Cascading Style Sheets: A Primer
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What Is CSS?

Syntax & Rules

Methods of Use

Writing a Style Sheet

Putting It All Together

CSS Resources

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Style vs. Markup

In the course of learning CSS you will probably come across this phrase: Use HTML for structure, not design. This is a very basic tenet of web design that is often neglected. The original idea of marking up a document (in SGML, HTML, or XML) was to convey its content in an ordered and structured manner. In the simplest of terms, markup is supposed "to describe what your content is, not how it looks."1 As such, some versions of WYSIWYG editors, such as Macromedia Dreamweaver and Microsoft FrontPage, will use HTML tags and attributes to style your web pages. Using WYSIWYG editors is not necessarily a bad thing; however, some HTML purists would balk at the use of such editors and the use of HTML for stylistic purposes. It is completely possible to control ALL of the aesthetics of your webpage with CSS.

Why does this even matter? For one thing, separating content (which is in a markup format) from style will allow easy readability of the source code. As it stands, many webpages rely on tables, spacer images, and other various HTML hacks that use HTML tags in ways in ways they were not originally intended to be used. How many times have you looked at the HTML code of a really cool webpage and thought "Wow, what a mess? How will I ever understand what correlates to what?" The code may work, but it doesn't easily convey the structure of the webpage (unless, of course, you think like a web browser). Separating content from style also increases the accessibility for impaired users who may be blind or deaf. In some cases, if you're designing websites for federal agencies, making a website accessible to impaired users is a requirement subject to Section 508 of the U.S. Americans with Disabilities Act of 1998.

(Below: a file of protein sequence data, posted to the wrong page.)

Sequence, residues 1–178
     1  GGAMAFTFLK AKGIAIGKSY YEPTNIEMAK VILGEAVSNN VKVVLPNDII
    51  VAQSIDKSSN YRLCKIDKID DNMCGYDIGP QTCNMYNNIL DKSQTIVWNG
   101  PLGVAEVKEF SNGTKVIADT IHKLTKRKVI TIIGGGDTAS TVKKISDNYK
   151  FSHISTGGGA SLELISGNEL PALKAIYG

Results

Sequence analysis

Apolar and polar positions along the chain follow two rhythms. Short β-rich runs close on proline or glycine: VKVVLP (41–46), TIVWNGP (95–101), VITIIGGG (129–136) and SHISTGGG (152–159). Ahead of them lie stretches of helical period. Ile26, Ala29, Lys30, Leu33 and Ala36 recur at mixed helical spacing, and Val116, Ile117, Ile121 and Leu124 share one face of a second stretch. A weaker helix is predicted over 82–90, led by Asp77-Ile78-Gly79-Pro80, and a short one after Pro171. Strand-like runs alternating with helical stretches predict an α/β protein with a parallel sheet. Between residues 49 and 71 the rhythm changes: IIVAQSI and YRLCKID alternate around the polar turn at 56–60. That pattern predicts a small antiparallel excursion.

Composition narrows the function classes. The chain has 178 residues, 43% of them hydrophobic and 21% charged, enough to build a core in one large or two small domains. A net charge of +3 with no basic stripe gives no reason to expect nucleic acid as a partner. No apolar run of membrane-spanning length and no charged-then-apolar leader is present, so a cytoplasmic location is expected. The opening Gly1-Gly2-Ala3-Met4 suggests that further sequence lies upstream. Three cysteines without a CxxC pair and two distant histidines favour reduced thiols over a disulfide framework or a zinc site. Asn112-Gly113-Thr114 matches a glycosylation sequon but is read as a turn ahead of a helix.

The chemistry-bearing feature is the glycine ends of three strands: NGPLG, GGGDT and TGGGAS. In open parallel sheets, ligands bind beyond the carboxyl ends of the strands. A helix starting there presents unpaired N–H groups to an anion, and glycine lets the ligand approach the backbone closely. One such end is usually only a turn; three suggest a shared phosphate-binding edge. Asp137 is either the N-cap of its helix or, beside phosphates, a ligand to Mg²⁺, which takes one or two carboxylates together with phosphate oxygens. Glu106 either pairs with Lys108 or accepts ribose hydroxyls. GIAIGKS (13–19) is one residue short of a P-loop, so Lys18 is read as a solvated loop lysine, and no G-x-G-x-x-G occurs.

At this point, you may think I'm just standing on a soapbox and preaching the way it should be. Well, in some ways I am, but in many other ways I am telling you like it is. Many web pages now rely on CSS and neatly structured HTML to complete many tasks. While we will only be dealing with the basics of CSS level 1 in this tutorial, let me just tell you a few things that can be done with CSS.

One of the most powerful things you can do with CSS is control the positioning of elements in your webpage down to the pixel. This capability was originally incorporated into CSS 1 (although most browsers at the time did not support positioning). So what, you say? Well, if you've ever created a webpage with multiple tables, columns, and rows all nested within each other with spacer images controlling where one ends and another begins just to create a basic can forget about all that with CSS. With CSS positioning, you can put one thing on the left, one thing on the right, and one in the middle without ever having to create a table. Pretty cool, huh! Ever struggle with spacing your lines of text so your pages will be more easily readable (e.g. for a paper you need to post online as a webpage for a class that adheres to APA guidelines)? With straight HTML, this would be a very time-consuming task. With CSS you would need to write one line of code and that's it.

Alright, enough of the talking, let's get down to business!

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